Display Settings:

Format

Send to:

Choose Destination
See comment in PubMed Commons below
J Neurosci. 2012 Dec 12;32(50):18204-14. doi: 10.1523/JNEUROSCI.2681-12.2012.

Loss of PAFAH1B2 reduces amyloid-β generation by promoting the degradation of amyloid precursor protein C-terminal fragments.

Author information

  • 1Adolf Butenandt Institute, Biochemistry, Ludwig Maximilians University, 80336 Munich, Germany.

Abstract

Amyloid-β peptide (Aβ) is believed to play a central role in the pathogenesis of Alzheimer's disease. In view of the side effects associated with inhibiting the secretases that produce Aβ, new molecular targets are required to provide alternative therapeutic options. We used RNA interference (RNAi) to systematically screen the Drosophila genome to identify genes that modulate Aβ production upon knockdown. RNAi of 41 genes in Drosophila cells significantly lowered Aβ without affecting general secretion or viability. After the γ-secretase complex components, the most potent effect was observed for platelet activating factor acetylhydrolase α (Paf-AHα), and, in mammalian cells, the effect was replicated for its ortholog PAFAH1B2. Knockdown of PAFAH1B2 strongly reduced Aβ secretion from human cells, and this effect was confirmed in primary cells derived from PAFAH1B2 knock-out mice. Reduced Aβ production was not attributable to altered β-amyloid precursor protein (APP) ectodomain shedding but was a result of an enhanced degradation of APP C-terminal fragments (CTFs) in the absence of PAFAH1B2 but not its close homolog PAFAH1B3. Enhanced degradation of APP CTFs was selective because no such effects were obtained for Notch or E-/N-cadherin. Thus, we have identified an important protein that can selectively modify Aβ generation via a novel mechanism, namely enhanced degradation of its immediate precursor. In view of the absence of a neurological phenotype in PAFAH1B2 knock-out mice, targeted downregulation of PAFAH1B2 may be a promising new strategy for lowering Aβ.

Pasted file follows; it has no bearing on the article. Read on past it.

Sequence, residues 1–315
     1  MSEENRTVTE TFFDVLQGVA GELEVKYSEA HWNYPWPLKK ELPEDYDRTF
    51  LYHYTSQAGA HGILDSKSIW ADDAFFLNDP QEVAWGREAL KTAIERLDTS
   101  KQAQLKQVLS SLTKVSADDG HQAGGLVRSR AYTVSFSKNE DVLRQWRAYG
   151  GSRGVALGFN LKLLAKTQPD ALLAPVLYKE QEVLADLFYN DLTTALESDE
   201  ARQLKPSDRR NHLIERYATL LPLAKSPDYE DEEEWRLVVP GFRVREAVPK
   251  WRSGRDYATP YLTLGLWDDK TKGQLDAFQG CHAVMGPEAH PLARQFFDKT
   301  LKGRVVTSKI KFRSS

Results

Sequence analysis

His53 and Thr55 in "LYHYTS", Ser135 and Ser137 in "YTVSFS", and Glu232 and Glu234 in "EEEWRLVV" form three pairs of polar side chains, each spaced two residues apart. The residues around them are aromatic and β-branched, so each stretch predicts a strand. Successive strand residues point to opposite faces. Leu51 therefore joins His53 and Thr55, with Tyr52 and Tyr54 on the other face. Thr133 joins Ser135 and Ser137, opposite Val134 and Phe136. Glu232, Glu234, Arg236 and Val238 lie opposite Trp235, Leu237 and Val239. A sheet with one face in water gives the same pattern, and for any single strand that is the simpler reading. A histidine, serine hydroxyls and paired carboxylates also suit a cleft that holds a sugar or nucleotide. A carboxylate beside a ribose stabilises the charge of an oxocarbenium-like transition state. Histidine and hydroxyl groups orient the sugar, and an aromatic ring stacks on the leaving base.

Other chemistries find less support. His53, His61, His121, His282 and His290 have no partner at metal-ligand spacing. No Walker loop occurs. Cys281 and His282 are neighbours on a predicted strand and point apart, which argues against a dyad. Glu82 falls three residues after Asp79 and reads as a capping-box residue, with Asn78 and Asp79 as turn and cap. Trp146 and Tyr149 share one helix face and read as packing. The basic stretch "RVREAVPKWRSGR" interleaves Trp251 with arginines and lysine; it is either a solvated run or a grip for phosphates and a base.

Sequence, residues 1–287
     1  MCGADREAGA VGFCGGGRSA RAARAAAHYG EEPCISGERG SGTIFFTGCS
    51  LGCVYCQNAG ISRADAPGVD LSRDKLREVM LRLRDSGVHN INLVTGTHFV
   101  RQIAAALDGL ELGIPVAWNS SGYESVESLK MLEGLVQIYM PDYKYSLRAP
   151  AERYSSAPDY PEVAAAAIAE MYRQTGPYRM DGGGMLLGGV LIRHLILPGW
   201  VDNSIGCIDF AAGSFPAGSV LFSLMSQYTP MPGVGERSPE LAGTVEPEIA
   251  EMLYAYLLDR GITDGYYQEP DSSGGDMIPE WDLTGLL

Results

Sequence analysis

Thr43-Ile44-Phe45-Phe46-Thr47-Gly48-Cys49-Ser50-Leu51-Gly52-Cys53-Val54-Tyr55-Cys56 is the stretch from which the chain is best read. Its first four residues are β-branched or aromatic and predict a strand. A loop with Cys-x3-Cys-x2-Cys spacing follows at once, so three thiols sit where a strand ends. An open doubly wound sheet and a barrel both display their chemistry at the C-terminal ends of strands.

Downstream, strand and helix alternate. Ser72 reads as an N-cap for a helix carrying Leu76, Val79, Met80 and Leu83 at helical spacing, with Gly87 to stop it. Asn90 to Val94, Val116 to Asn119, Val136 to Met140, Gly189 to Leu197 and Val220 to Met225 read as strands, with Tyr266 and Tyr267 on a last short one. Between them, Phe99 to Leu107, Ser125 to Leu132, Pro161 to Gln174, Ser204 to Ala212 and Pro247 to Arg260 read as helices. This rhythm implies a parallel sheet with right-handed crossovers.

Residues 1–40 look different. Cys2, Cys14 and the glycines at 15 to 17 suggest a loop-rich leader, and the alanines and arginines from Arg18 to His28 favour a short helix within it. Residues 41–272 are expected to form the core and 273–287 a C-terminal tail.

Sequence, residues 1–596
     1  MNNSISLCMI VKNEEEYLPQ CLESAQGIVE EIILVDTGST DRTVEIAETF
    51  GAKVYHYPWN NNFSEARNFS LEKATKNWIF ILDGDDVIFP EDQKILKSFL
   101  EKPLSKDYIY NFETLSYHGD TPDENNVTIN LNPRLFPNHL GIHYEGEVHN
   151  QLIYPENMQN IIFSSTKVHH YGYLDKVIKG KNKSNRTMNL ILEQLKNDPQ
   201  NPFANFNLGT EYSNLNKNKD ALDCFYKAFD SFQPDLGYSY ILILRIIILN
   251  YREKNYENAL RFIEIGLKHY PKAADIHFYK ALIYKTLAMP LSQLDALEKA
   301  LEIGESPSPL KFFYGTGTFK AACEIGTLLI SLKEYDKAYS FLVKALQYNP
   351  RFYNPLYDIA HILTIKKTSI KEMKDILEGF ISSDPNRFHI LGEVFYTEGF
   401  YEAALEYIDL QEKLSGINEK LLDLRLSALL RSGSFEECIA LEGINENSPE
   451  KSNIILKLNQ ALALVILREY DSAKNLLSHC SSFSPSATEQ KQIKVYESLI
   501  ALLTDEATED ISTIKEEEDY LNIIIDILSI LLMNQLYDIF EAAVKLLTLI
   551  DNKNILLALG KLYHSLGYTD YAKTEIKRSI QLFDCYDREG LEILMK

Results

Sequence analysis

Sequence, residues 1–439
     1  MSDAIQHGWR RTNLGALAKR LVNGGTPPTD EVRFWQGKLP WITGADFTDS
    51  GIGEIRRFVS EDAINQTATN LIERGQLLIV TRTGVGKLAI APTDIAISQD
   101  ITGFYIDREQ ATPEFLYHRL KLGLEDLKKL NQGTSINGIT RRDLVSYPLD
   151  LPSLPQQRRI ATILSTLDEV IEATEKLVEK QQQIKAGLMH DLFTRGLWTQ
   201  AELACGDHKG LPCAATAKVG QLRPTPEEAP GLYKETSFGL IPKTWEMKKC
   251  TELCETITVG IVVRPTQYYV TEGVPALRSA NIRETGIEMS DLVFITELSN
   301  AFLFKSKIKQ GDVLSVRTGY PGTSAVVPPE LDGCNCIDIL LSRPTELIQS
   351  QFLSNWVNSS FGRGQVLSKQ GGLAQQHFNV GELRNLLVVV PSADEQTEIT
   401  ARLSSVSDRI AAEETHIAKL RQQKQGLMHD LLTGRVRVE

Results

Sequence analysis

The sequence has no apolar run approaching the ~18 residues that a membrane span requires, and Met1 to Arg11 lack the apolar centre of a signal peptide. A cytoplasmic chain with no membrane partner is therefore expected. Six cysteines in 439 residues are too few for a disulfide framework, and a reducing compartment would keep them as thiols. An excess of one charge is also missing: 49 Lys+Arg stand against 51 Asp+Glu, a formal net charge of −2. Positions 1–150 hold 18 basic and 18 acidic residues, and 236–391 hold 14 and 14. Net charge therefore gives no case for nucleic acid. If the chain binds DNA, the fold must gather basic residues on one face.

PMID:
23238734
[PubMed - indexed for MEDLINE]
Free full text
PubMed Commons home

PubMed Commons

0 comments
How to join PubMed Commons

    Supplemental Content

    Full text links

    Icon for HighWire
    Loading ...
    Write to the Help Desk